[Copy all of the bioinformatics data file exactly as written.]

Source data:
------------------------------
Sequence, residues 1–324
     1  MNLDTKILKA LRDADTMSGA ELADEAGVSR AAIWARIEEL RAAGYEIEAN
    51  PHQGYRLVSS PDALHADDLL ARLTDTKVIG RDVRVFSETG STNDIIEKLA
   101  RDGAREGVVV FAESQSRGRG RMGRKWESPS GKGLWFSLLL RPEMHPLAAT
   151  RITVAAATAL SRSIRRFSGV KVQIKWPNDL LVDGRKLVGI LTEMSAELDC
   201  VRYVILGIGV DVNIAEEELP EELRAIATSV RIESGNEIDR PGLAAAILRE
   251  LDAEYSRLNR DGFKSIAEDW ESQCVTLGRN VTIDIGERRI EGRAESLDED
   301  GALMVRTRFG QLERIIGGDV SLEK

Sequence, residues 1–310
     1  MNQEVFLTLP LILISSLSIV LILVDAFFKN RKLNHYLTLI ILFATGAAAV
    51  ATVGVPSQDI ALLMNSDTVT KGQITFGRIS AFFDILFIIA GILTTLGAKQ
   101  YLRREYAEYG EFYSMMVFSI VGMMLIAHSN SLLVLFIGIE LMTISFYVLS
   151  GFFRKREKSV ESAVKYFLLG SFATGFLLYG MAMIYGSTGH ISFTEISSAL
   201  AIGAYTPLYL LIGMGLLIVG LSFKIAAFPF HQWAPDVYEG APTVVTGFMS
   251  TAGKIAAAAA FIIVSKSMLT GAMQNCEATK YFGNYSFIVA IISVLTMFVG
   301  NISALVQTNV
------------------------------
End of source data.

Sequence, residues 1–324
     1  MNLDTKILKA LRDADTMSGA ELADEAGVSR AAIWARIEEL RAAGYEIEAN
    51  PHQGYRLVSS PDALHADDLL ARLTDTKVIG RDVRVFSETG STNDIIEKLA
   101  RDGAREGVVV FAESQSRGRG RMGRKWESPS GKGLWFSLLL RPEMHPLAAT
   151  RITVAAATAL SRSIRRFSGV KVQIKWPNDL LVDGRKLVGI LTEMSAELDC
   201  VRYVILGIGV DVNIAEEELP EELRAIATSV RIESGNEIDR PGLAAAILRE
   251  LDAEYSRLNR DGFKSIAEDW ESQCVTLGRN VTIDIGERRI EGRAESLDED
   301  GALMVRTRFG QLERIIGGDV SLEK

Sequence, residues 1–310
     1  MNQEVFLTLP LILISSLSIV LILVDAFFKN RKLNHYLTLI ILFATGAAAV
    51  ATVGVPSQDI ALLMNSDTVT KGQITFGRIS AFFDILFIIA GILTTLGAKQ
   101  YLRREYAEYG EFYSMMVFSI VGMMLIAHSN SLLVLFIGIE LMTISFYVLS
   151  GFFRKREKSV ESAVKYFLLG SFATGFLLYG MAMIYGSTGH ISFTEISSAL
   201  AIGAYTPLYL LIGMGLLIVG LSFKIAAFPF HQWAPDVYEG APTVVTGFMS
   251  TAGKIAAAAA FIIVSKSMLT GAMQNCEATK YFGNYSFIVA IISVLTMFVG
   301  NISALVQTNV